And that’s all I have to say about that.
Improvisation enacted to overcome a secured door that is probably the most often used in the studio, sitting near to the kitchen and coffee machines (and the sadly defunct espresso machine..) A stapler used to keep a door open helps one poor sould evades the secure RFID lock. Likely, their secure card was left on their desk or some such and the stapler provides them a momentary work-around to returning to their desk, retrieving the card and then getting back to the necessary business of fueling up on the morning caffeine.
Why do I blog this? Observing small but actions, especially around improvisation. I am curious about the way objects become practice-based activations and serve as beacons and indications of evolving materials and materialized social practices. All this and the entanglements within the many layers (morning rituals, security, barriers, identification, access, RFID, office supplies, etc.) and the entanglements amongst humans and non-human hybrids.
Alex Galloway came by to do a short talk discussing his new game “Kriegspiel” based on Guy Debord’s “The Game of War” This is a curious strategy game that Debord created while in the midst of a bit of a creative flat-spin. It was created in an artisinal mode, with 5 hand crafted editions constructed with a collaborator. Evidently one of the sets — made with metal pieces — was recently on display in NYC on loan from Debord’s widow. Galloway has some interesting archival style insights into the historical context of the game’s development and Debord as a cultural figure of some importance, and I recommend finding whatever he has written on the topic. (It seemed as though he was reading from working-notes for a longer bit of work on this.)
What I find most interesting in this context is the articulation that Galloway has performed between historical archival work and the expression of these “findings” through this game. The game is, by Galloway’s own description, based entirely on the original rules of Debord’s game design. Alex describes himself as fascinated by games, but not at all a game designer. Thus, finding a cultural hero of academics and scholars world-wide who also happens to have designed a game makes for an excellent scholarly project. It skirts the boundary between an activity some critical scholars might poo-poo (game design) and an activity the most conservative scholars could at least chomp on (a proper archival inquiry into the life, history and ideology of a curious figure of some importance.)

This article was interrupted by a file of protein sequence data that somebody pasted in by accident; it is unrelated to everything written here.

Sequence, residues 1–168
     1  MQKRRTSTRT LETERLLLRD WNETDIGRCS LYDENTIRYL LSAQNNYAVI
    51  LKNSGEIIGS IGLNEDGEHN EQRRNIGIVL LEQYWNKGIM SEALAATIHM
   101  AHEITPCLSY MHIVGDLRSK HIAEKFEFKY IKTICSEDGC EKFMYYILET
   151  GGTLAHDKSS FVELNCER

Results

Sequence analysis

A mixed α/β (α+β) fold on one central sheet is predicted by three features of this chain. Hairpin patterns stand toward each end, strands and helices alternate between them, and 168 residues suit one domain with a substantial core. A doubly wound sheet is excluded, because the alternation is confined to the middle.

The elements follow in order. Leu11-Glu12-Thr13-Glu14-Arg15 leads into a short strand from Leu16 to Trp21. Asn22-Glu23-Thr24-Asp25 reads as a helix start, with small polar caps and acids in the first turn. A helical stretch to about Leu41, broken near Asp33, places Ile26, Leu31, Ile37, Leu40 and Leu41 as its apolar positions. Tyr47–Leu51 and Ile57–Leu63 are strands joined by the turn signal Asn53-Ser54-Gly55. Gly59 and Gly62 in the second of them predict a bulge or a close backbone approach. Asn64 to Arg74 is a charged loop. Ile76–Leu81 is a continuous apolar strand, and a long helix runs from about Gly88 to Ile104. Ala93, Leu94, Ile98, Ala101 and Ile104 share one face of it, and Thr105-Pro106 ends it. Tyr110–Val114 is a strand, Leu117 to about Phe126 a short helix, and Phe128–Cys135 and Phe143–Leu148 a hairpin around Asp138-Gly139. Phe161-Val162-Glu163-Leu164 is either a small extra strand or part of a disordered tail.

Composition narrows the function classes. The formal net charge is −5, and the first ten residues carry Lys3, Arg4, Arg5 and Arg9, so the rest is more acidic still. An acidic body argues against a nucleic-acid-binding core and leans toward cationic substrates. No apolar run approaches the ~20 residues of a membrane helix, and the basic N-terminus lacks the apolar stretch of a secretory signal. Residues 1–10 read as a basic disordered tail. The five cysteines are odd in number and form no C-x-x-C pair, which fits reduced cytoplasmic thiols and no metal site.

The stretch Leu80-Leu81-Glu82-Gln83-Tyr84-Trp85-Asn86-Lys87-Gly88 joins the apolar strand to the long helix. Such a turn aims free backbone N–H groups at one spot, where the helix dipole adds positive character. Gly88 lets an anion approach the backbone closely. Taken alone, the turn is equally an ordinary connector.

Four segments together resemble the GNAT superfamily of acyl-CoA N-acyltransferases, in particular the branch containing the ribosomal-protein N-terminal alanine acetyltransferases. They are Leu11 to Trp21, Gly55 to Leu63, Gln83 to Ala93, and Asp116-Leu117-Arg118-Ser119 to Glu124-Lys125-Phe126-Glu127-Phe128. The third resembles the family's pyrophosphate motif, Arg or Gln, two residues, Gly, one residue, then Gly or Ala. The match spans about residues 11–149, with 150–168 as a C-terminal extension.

Once (and quite a bit “still”) a critical scholar might excavate material from “the archives” (dusty library basements, personal notes moldering in a widow’s attic, interviews with aging contemporaries of the subject, etc.) and then construct a series of insights and anecdotes based on those findings, find a publisher and then stitch together a book on the matter. What Galloway is doing is expressing these insights and anecdotes into a hybrid expression of his findings — a digital, networked game as well as more traditional scholarly essays on the topic. This is significant and important for all the reasons I state over and over here. It’s no longer a viable means for scholarly inquiry to create and circulate ideas and culture solely through dusty old forms like ink on paper. This is a hybrid forms that express both a theory (in this case, Debord’s projection of what strategy is in a rhizomatic, networked era, even though it was constructed many decades before the internet) as well as providing a point-of-entry for someone who has never had a reason to look into this Guy Debord character. For that, Alex’s work is super important.
Parenthetically, I first met Alex back around 2000 when he was doing a residency at Eyebeam (an art-technology center in New York City) while I was preparing to do my residency there. He was working on Carnivore, another important “theory object” instance. I learned a lot about what it was to construct engineering objects that wore culture on their sleeves quite noticeably. It was then that I started understanding how this important hyphenated form called art-technology could offer an opportunity to create and learn about ways to create technological instruments that were more properly and obviously “culture.” Whereas that is always the case — that technology is not outside of culture — it is often hard to find frameworks and communities and mechanisms that allow one to experiment with the mixture. The goals therein are to understand that technology, as culture, is “made” and not “given.” As such, it can be done “otherwise” and need not be the mass-manufactured, extant forms we have today. It can be hand-made properly, even hand-made and massively multiple, but with new entirely preposterous forms that create new ways of seeing, understanding and being in the world.